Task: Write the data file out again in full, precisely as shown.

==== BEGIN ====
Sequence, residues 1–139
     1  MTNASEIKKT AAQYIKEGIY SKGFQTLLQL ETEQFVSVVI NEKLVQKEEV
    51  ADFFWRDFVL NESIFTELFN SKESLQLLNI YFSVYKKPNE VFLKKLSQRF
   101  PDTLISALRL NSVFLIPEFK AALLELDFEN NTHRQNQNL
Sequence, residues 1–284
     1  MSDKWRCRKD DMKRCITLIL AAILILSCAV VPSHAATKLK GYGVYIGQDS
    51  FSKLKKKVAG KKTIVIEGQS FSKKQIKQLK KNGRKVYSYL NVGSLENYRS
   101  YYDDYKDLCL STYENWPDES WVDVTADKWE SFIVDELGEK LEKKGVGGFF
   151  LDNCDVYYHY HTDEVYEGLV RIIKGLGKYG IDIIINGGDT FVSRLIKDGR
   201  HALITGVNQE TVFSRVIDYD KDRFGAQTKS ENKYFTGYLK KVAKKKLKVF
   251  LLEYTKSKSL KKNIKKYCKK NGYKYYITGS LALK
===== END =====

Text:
Sequence, residues 1–139
     1  MTNASEIKKT AAQYIKEGIY SKGFQTLLQL ETEQFVSVVI NEKLVQKEEV
    51  ADFFWRDFVL NESIFTELFN SKESLQLLNI YFSVYKKPNE VFLKKLSQRF
   101  PDTLISALRL NSVFLIPEFK AALLELDFEN NTHRQNQNL
Sequence, residues 1–284
     1  MSDKWRCRKD DMKRCITLIL AAILILSCAV VPSHAATKLK GYGVYIGQDS
    51  FSKLKKKVAG KKTIVIEGQS FSKKQIKQLK KNGRKVYSYL NVGSLENYRS
   101  YYDDYKDLCL STYENWPDES WVDVTADKWE SFIVDELGEK LEKKGVGGFF
   151  LDNCDVYYHY HTDEVYEGLV RIIKGLGKYG IDIIINGGDT FVSRLIKDGR
   201  HALITGVNQE TVFSRVIDYD KDRFGAQTKS ENKYFTGYLK KVAKKKLKVF
   251  LLEYTKSKSL KKNIKKYCKK NGYKYYITGS LALK